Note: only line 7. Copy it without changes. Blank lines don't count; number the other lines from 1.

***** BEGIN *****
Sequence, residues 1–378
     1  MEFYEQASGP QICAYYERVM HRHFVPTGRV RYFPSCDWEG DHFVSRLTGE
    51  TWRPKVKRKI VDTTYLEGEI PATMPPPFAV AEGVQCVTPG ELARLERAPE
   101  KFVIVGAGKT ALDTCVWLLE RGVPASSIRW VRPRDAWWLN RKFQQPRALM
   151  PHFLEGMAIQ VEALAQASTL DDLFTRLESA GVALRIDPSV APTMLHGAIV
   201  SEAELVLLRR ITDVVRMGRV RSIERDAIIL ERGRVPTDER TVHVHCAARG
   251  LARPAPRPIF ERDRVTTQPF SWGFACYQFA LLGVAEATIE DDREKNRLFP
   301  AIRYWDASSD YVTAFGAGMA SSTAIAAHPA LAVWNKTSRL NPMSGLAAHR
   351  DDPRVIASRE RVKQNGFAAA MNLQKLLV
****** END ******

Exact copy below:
   251  LARPAPRPIF ERDRVTTQPF SWGFACYQFA LLGVAEATIE DDREKNRLFP